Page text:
First a disclaimer: the author is the daughter of my best friend when I was growing up. I am the person who lived on the third floor and was either Jim or Bob which presently is a point of some disagreement between us. There is an unfortunate dearth of written records concerning our adventures around and about the badlands of New York City outside our building to resolve this issue although a recent foray into oral histories available to me (my brother) supports my version of events. The author i First a disclaimer: the author is the daughter of my best friend when I was growing up. I am the person who lived on the third floor and was either Jim or Bob which presently is a point of some disagreement between us. There is an unfortunate dearth of written records concerning our adventures around and about the badlands of New York City outside our building to resolve this issue although a recent foray into oral histories available to me (my brother) supports my version of events. The author is clearly passionate about her subject and her knowledge and enthusiasm are infectious. At many points in the narrative I found myself nodding and saying to myself- oh, so that is why I liked/felt uncomfortable in that place. She has a disarming way of bringing large issues into focus by personalising them in a way which makes them understandable to the lay reader. I spent may years trying to understand why economic theory just did not seem to me to make sense. Then I read Daniel Kahneman. We all know that the Projects in New York and other big cities were a disaster. This book provides the language tools we need to talk about why and hopefully to figure out how to do better. Because we need to and we need to have started yesterday. My adopted homeland of New Zealand faces a housing crises and the planners and politicians just want to build more of the same. We all have a big stake in the outcome and we owe it to ourselves to try to understand how we got here and what tools do we have to find a way out. Ms Bernheimer’s book provides insights and explanations that are an important place to start. I must admit to some skepticism about her vision for the future - or more accurately the likelihood of its coming to pass - but I am comforted by the thought that there are people like Lily Bernheimer thinking and working on the issues.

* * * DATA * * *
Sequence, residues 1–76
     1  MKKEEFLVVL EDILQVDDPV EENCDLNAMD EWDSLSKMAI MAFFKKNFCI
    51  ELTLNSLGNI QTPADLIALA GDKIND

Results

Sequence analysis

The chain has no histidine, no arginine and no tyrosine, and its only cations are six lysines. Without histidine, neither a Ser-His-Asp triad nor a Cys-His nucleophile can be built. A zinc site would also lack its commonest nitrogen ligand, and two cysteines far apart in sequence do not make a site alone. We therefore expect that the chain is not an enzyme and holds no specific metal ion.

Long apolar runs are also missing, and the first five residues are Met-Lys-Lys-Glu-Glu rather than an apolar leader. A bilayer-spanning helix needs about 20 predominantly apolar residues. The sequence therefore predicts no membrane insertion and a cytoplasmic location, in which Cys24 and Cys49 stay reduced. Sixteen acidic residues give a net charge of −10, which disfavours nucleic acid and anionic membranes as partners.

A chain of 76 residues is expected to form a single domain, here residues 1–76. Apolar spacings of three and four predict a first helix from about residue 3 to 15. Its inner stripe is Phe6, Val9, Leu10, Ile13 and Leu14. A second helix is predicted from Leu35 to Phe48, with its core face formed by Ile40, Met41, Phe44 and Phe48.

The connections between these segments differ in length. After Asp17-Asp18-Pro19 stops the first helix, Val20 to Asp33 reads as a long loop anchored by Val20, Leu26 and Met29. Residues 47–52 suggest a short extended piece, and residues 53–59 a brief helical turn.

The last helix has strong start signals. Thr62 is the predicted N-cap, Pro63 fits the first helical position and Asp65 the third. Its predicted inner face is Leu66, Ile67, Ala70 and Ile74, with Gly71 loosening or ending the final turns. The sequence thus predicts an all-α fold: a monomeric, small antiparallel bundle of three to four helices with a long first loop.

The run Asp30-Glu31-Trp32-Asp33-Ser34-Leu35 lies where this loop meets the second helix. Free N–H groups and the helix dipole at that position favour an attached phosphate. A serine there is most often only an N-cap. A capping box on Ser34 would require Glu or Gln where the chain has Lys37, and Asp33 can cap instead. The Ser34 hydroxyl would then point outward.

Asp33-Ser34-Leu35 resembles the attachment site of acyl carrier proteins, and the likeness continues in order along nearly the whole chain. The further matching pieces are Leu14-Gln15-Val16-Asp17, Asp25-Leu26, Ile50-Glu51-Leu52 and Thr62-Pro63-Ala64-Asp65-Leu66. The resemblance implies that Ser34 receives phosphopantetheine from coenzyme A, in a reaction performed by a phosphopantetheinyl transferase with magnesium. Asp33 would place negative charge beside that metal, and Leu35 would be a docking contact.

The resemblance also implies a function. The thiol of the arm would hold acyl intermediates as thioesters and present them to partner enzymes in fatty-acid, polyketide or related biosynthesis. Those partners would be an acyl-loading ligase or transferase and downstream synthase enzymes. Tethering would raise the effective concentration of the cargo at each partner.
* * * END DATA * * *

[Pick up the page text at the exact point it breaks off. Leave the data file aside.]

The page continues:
2. 5 out of 5